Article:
Have Preferences of Girls Changed Almost 3 Years after the Much Debated Start of the HPV Vaccination Program in the Netherlands? A Discrete Choice Experiment

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Abstract

Objectives: To assess how girls' preferences have changed almost 3 years after the much debated start of the human papillomavirus (HPV) vaccination program. Methods: A discrete choice experiment (DCE) was conducted among girls aged 11-15 years who were invited, or were not yet invited, to get vaccinated. A panel latent class model was used to determine girls' preferences for vaccination based on five characteristics: degree of protection against cervical cancer; duration of protection; risk of mild side-effects; age of vaccination; and the number of required doses of the vaccine. Results: The response rate was 85% (500/592). Most girls preferred vaccination at age 14 years (instead of at age 9 years) and a 2-dose scheme (instead of the current 3-dose scheme). Girls were willing to trade-off 7% (CI: 3.2% to 10.8%) of the degree of protection to have 10% less risk of mild side-effects, and 4% (CI: 1.2% to 5.9%) to receive 2 doses instead of 3 doses. Latent class analyses showed that there was preference heterogeneity among girls, i.e., higher educated girls and HPV vaccinated girls had a higher probability to opt for HPV vaccination at a higher age than lower educated girls or non-vaccinated girls. Conclusions: Three years after the start of HPV vaccination program the risk of mild side-effects and age at vaccination seem to have become less important. For the Dutch national immunization program, we recommend not to lower the current target age of 12 years. A 2-dose scheme may result in a higher uptake and we recommend that if this scheme is introduced, it needs to receive adequate publicity.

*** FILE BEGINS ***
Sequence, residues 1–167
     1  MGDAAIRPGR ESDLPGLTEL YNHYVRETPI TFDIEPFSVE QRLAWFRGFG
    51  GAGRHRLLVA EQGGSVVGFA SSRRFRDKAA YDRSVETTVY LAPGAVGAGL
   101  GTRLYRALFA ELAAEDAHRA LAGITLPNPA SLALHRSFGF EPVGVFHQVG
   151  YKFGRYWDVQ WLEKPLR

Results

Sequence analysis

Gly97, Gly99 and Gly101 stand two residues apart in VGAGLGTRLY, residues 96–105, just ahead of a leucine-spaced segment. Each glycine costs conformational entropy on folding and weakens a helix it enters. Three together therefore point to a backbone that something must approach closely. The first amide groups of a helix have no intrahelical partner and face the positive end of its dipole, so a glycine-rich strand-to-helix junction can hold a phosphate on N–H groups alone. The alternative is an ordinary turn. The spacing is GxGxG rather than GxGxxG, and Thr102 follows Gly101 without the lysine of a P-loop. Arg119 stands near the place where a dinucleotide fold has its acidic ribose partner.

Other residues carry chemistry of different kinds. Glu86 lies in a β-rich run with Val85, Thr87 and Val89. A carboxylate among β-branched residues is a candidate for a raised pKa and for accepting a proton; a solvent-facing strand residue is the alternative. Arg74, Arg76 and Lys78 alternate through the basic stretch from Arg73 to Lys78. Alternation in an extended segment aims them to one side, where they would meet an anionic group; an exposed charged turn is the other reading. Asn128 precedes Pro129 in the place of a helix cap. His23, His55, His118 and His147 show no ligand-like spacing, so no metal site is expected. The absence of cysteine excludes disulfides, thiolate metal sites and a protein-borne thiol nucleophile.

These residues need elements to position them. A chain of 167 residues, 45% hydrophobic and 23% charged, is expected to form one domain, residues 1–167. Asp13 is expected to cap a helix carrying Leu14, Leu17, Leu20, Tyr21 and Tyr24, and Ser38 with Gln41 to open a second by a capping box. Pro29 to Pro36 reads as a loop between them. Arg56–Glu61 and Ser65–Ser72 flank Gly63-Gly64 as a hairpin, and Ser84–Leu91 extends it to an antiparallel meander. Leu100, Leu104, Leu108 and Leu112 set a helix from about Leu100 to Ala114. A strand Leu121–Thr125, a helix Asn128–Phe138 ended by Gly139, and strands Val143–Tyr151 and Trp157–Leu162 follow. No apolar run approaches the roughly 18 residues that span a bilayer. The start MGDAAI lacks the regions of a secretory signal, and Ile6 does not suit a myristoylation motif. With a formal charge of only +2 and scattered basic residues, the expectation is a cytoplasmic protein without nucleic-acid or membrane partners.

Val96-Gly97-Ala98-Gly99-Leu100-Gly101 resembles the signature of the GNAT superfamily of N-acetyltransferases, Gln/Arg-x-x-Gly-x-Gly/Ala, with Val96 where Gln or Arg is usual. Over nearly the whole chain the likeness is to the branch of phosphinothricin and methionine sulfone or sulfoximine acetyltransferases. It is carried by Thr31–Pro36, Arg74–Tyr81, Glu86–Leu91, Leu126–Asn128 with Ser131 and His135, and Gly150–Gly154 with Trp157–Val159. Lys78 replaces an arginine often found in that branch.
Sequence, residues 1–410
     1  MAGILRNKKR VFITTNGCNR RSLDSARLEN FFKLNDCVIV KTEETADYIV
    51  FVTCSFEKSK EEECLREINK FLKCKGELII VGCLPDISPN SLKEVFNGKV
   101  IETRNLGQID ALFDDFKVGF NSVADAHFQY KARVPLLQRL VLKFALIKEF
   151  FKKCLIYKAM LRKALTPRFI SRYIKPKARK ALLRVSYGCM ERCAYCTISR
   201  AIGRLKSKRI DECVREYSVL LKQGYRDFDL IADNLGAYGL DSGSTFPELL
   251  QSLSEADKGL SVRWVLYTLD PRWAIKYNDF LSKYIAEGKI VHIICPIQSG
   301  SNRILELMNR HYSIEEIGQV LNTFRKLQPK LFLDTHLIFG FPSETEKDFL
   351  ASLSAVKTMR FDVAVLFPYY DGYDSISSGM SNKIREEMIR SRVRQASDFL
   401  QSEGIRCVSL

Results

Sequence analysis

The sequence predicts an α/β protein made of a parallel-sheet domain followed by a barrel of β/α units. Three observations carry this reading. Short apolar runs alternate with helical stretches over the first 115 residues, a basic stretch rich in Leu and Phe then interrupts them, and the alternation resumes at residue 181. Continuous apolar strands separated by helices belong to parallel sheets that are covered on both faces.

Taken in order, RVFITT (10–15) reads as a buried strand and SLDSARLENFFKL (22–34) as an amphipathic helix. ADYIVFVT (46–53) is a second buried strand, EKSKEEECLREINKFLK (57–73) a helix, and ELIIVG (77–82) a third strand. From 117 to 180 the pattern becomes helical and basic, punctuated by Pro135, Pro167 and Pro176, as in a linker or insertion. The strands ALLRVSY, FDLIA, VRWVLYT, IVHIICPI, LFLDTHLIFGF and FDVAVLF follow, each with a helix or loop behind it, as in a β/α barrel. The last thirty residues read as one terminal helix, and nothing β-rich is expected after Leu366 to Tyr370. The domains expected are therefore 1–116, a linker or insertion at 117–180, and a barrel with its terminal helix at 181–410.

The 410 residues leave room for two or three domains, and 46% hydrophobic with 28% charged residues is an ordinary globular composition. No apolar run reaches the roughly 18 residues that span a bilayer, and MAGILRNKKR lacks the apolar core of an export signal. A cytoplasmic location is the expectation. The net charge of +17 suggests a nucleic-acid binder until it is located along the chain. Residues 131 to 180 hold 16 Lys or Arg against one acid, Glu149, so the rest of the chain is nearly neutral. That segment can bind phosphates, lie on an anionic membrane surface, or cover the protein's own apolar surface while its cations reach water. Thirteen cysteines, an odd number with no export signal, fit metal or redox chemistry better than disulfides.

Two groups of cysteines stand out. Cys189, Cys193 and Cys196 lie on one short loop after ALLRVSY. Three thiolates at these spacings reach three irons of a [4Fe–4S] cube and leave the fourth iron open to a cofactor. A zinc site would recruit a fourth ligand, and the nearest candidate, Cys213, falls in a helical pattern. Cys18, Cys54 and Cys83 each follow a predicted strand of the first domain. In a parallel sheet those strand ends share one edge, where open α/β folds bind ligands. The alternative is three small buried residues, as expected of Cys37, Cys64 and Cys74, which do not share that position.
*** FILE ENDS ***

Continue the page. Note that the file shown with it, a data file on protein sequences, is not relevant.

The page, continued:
Original languageUndefined/Unknown
JournalPLoS One (print)
Volume9
Issue number8
DOIs
Publication statusPublished - 2014

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